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Your Non-Competes Just Got Weaker In Some Places


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The courts in two states decided cases recently, weakening non-compete clauses, while in Oklahoma, a new law takes effect Nov. 1 that for the first time allows employers some flexibility in stopping departing workers from taking their co-workers with them.

In New Hampshire, a judge ruled against an employer in a case involving an independent contractor who opened his own fitness facility, taking with him three fellow trainers and some clients. The employer sued, asking for an injunction, submitting the non-compete agreement the trainer signed.

The judge ruled against the former employer, saying non-competes involving independent contractors are different than those among employees. Contractors, the court said, ”have less access to legitimately confidential information of their employers” than do employees. And the relationship is significantly different than that of employer-employee.

In Illinois, an appellate court has decided that for a restrictive employment covenant to be enforceable, the worker must first be on the job for at least two years. Unless and until the state’s Supreme Court overrules the decision, an Illinois employer cannot enforce any non-compete or non-solicitation clauses in an employment agreement until after the employee has worked there two years. The attorneys at Ogletree Deakins call this a “sea change” in the way courts in that state will now treat pre-employment restrictive covenants (and others at or near the time a worker begins employment).

In Oklahoma, where non-competes and non-solicits have been all but impossible to enforce, the legislature is loosening things up. But only slightly. Beginning Nov. 1, a new law will allow employers to stop former employees or independent contractors from trying to entice their former co-workers away. However, the way the Oklahoma courts have interpreted previous non-solicitation agreements is very narrowly, meaning an employer probably won’t be able to stop a former employee from hiring existing workers who approach them.

Non-Competes and Restrictive Covenants

 

The courts in two states decided cases recently, weakening non-compete clauses, while in Oklahoma, a new law takes effect Nov. 1 that for the first time allows employers some flexibility in stopping departing workers from taking their co-workers with them.

 

In New Hampshire, a judge ruled against an employer in a case involving an independent contractor who opened his own fitness facility, taking with him three fellow trainers and some clients. The employer sued, asking for an injunction, submitting the non-compete agreement the trainer signed.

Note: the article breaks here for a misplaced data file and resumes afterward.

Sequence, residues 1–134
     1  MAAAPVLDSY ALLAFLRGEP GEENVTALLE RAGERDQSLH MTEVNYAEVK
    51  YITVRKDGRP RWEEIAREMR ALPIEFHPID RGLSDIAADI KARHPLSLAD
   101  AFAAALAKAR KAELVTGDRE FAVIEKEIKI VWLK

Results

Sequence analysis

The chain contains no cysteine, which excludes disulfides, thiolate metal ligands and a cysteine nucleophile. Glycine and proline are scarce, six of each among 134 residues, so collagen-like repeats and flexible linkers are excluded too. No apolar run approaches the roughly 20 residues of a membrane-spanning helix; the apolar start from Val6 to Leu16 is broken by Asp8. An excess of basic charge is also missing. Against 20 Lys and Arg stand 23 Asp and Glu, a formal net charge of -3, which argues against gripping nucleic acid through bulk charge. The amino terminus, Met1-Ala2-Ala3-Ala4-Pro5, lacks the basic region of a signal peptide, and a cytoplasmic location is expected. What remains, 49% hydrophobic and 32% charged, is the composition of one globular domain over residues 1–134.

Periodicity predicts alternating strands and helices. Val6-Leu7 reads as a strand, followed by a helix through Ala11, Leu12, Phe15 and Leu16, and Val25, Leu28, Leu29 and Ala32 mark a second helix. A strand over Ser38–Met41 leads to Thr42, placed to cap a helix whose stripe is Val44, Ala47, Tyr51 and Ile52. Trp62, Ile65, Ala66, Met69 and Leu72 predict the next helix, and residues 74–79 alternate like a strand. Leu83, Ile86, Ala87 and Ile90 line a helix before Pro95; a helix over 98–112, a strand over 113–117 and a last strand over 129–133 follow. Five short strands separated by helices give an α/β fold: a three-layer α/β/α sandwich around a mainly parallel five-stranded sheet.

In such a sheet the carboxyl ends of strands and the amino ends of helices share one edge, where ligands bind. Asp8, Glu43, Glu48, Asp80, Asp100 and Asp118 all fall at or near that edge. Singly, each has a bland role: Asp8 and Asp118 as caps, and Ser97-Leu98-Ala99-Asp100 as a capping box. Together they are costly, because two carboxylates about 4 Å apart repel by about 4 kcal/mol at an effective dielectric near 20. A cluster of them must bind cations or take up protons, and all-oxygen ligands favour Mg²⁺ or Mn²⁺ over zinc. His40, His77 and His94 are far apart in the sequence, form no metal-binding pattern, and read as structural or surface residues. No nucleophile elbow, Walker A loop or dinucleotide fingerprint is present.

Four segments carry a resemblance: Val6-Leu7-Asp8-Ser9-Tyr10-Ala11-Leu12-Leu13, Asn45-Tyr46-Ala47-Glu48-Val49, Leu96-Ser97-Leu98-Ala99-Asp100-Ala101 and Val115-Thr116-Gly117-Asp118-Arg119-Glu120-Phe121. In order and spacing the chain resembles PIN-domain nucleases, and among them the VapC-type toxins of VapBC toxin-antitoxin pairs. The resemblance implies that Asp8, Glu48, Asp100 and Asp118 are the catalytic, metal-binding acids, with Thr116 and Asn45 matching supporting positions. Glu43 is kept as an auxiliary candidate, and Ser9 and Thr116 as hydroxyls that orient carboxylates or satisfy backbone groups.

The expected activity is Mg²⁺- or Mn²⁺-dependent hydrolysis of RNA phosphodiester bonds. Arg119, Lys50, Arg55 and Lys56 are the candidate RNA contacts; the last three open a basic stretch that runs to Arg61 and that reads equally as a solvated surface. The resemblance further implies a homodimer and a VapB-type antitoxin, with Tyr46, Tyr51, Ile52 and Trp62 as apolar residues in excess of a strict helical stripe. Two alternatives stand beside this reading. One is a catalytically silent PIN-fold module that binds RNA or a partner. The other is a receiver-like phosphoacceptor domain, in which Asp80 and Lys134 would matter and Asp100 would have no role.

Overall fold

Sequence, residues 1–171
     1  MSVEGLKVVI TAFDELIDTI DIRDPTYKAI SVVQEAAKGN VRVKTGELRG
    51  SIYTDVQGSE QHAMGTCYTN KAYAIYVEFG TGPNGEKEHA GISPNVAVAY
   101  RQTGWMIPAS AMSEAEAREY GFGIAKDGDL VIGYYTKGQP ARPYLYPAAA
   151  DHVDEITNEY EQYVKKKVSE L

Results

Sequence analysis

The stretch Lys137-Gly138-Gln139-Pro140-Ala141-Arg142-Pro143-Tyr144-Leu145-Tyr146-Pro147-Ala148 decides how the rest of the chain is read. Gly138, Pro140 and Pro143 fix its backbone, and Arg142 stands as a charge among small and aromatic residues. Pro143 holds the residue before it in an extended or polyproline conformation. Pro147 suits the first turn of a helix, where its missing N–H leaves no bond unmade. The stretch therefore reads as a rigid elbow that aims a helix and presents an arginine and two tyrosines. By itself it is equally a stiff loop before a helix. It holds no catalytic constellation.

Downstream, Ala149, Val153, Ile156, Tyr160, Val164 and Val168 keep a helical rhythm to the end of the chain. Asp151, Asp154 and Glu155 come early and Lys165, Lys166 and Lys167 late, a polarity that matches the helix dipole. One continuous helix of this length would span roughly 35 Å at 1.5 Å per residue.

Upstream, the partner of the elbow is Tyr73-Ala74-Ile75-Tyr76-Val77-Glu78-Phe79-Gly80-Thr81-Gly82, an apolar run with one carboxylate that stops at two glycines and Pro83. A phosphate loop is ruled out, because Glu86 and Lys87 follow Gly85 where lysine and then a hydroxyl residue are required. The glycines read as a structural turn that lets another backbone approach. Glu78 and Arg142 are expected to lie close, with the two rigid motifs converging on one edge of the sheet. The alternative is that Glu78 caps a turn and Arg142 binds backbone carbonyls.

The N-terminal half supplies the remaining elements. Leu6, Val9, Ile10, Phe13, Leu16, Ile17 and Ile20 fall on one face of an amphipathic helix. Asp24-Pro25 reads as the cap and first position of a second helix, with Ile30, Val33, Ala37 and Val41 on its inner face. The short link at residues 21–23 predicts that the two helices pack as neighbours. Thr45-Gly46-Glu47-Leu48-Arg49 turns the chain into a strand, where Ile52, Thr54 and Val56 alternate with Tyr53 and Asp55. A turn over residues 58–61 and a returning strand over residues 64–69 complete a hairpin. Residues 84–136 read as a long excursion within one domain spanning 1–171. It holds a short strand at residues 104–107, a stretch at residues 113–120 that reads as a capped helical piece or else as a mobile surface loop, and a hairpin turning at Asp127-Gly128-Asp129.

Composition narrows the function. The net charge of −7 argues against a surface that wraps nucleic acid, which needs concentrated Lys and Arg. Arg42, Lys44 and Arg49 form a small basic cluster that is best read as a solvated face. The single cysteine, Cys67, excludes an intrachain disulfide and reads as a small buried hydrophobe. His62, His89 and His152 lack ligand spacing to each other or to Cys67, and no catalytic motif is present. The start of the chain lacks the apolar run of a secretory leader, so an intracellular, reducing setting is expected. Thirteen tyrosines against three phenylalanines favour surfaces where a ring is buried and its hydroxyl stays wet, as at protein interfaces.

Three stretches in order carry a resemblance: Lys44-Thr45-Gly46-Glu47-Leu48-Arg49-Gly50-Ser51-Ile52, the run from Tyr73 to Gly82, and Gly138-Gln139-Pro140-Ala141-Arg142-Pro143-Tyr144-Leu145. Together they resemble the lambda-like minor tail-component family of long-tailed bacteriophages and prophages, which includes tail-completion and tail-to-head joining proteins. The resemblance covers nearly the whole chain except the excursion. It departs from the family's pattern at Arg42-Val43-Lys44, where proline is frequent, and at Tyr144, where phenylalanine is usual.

The judge ruled against the former employer, saying non-competes involving independent contractors are different than those among employees. Contractors, the court said, ”have less access to legitimately confidential information of their employers” than do employees. And the relationship is significantly different than that of employer-employee.

 

In Illionis, an appellate court has decided that for a restrictive employment covenant to be enforceable, the worker must first be on the job for at least two years. Unless and until the state’s Supreme Court overrules the decision, an Illinois employer cannot enforce any non-compete or non-solicitation clauses in an employment agreement until after the employee has worked there two years.

 

In Oklahoma, where non-competes and non-solicits have been all but impossible to enforce, the legislature is loosening things up. But only slightly. Beginning Nov. 1, a new law will allow employers to stop former employees or independent contractors from trying to entice their former co-workers away. However, the way the Oklahoma courts have interpreted previous non-solicitation agreements is very narrowly, meaning an employer probably won’t be able to stop a former employee from hiring existing workers who approach them.

John has been writing about recruiting and employment for nearly a decade,and has worked in the field for almost twice as long. He traces his connection to the employment industry back to the beginning of the commercial Internet when he managed some of the earliest news oriented websites. These offered job boards, which became highly popular with users. John worked with agencies and large employers on job postings, resume search, and campaigns, before consulting with media companies on audience development and online advertising sales.